U.S. sends F-22 Raptors to Korea for trainingThe U.S. Air Force deployed eight F-22 Raptor stealth fighters to an air base in Gwangju, according to multiple sources, to take part in a joint South Korea-U.S. exercise next week.
One source told the JoongAng Ilbo Tuesday that the stealth fighters recently arrived from the United States “to take part in the South Korea-U.S. joint air drills slated for May 11, Max Thunder,” but that he could not confirm exactly when the F-22s arrived in Korea.
The Max Thunder joint exercise takes two weeks and has been held annually since 2009.
The 2017 Max Thunder drills, the second largest aerial exercise held on the Korean Peninsula, took place from April 17 to 28 last year, with 1,000 U.S. personnel and 500 South Korean personnel taking part and more than 800 combat training sorties over the course of two weeks. The joint exercise is designed to promote interoperability between the Korean and the U.S. forces, and to train their air forces to quickly generate overwhelming air power under realistic conditions and sharpen tactical skills.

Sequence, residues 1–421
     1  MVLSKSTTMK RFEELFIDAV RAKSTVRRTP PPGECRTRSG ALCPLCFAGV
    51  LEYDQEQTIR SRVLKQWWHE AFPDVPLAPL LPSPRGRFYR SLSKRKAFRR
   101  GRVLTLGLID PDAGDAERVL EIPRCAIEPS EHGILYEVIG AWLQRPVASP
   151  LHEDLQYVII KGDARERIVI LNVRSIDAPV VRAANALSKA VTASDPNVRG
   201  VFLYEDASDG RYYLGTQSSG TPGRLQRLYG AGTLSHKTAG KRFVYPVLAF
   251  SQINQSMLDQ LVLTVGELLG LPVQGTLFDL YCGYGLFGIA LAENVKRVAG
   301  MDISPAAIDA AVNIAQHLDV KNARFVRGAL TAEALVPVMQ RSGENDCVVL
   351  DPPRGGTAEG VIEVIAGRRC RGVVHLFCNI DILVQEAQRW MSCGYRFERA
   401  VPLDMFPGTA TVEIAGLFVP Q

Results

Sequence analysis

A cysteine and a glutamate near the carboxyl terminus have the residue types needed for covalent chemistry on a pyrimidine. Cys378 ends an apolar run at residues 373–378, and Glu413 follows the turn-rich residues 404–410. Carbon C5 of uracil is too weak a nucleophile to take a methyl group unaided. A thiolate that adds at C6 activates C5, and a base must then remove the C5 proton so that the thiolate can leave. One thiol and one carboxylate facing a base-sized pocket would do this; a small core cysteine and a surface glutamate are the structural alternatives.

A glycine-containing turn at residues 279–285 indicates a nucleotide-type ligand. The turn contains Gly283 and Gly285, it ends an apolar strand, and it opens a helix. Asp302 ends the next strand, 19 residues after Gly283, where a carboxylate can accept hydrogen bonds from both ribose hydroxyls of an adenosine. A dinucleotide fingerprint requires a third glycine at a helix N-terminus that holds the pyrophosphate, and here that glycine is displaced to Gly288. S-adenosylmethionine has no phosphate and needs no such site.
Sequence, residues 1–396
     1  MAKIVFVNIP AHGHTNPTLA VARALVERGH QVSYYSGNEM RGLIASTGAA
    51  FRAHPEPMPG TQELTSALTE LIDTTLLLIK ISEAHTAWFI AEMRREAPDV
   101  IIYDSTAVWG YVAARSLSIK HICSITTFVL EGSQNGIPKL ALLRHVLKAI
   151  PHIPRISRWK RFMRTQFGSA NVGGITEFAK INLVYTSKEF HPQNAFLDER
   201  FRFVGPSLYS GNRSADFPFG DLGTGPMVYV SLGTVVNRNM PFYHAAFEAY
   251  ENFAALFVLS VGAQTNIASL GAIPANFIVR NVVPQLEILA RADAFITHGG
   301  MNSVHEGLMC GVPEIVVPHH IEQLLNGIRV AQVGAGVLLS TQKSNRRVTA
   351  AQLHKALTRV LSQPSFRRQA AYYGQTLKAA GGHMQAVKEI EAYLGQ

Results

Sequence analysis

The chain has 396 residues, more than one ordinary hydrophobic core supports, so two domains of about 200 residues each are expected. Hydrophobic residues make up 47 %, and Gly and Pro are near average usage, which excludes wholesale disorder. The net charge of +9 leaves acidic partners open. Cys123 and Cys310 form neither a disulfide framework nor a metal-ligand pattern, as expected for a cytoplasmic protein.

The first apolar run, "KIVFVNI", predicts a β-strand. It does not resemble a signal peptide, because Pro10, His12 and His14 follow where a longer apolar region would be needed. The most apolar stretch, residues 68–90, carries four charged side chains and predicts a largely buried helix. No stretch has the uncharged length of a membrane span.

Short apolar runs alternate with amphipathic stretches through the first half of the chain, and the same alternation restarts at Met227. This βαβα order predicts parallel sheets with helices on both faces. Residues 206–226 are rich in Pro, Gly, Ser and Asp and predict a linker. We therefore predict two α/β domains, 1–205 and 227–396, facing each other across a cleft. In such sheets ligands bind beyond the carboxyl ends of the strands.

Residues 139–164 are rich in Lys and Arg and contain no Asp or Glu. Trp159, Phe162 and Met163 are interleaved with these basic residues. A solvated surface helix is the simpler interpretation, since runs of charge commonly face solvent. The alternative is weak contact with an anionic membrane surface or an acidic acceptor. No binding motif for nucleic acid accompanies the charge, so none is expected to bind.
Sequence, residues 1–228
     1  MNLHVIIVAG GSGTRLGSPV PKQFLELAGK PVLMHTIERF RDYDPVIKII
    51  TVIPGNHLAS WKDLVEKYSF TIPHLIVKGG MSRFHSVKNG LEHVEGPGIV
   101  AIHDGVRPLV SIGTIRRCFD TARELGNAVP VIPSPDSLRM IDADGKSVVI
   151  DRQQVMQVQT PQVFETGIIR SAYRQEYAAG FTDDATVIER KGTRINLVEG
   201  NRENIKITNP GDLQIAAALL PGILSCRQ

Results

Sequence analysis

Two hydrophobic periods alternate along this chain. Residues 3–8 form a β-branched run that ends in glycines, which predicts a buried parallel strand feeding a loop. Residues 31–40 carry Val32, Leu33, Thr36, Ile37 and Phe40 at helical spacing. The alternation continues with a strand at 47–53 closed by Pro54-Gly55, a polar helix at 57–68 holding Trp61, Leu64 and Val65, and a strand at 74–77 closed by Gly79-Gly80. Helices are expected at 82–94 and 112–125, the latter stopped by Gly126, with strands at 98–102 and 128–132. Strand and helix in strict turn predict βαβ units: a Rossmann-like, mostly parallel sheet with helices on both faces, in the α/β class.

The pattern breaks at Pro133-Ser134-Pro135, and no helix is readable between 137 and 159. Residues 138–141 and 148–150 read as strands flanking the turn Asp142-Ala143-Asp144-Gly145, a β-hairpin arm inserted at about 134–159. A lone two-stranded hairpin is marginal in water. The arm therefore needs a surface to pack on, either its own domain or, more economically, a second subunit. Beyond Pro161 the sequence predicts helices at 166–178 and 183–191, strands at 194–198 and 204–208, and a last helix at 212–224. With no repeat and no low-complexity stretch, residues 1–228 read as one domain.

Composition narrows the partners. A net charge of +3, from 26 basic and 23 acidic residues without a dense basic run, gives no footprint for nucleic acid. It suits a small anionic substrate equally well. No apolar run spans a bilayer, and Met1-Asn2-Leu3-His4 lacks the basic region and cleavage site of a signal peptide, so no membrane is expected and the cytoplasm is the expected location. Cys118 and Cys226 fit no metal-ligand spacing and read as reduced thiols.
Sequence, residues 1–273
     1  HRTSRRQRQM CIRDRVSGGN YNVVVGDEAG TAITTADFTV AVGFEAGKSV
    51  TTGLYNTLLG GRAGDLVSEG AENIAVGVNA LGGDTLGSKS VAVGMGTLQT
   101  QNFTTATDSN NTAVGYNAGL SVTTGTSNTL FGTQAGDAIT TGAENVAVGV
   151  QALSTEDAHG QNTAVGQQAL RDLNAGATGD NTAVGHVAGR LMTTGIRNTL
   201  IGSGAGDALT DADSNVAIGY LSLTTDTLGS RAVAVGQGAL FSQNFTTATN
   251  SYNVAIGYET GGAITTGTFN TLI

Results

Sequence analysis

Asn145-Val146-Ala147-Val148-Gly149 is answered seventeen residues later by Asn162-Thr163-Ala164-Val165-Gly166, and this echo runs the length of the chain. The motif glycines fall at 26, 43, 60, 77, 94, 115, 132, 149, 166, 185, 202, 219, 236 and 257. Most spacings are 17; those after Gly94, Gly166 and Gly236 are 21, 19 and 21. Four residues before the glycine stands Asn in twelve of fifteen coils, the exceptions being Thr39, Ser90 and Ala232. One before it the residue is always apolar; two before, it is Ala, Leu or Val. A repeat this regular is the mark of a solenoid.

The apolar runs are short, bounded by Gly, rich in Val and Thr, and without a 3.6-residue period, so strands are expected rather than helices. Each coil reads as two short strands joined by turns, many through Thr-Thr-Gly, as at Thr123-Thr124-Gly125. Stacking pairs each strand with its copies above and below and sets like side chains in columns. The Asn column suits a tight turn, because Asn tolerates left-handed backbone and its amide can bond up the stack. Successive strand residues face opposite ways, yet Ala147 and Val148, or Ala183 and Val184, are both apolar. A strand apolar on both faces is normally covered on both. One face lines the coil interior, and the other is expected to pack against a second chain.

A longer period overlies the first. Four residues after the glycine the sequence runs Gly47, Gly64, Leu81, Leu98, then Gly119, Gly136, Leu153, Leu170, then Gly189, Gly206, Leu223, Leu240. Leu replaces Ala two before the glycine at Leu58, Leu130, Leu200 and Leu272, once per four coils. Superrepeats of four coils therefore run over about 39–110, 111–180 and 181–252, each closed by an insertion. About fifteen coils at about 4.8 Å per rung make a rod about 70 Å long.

Some 100 aircraft, including the Korean Air Force’s F-15K fighters and American F-16s, were deployed last year, but this is the first time the F-22s have been deployed for the Max Thunder drills.
The F-22s were photographed at Gwangju air base and in flight on Tuesday and Wednesday.
As the U.S. Air Force has only around 187 operational fifth-generation F-22 jets, they are considered valuable assets.
Their presence coincides with U.S. President Donald Trump hinting that Panmunjom, the truce village at the inter-Korean border, is a possible location for a summit with North Korean leader Kim Jong-un.
During U.S. President Bill Clinton’s visit to the Joint Security Area (JSA) on July 11, 1993, 10 U.S. Air Force AH-64 Apache attack helicopters were on standby. A Korean government source said the F-22s may play that role for a summit this month.
BY LEE CHUL-JAE AND SARAH KIM [firstname.lastname@example.org]
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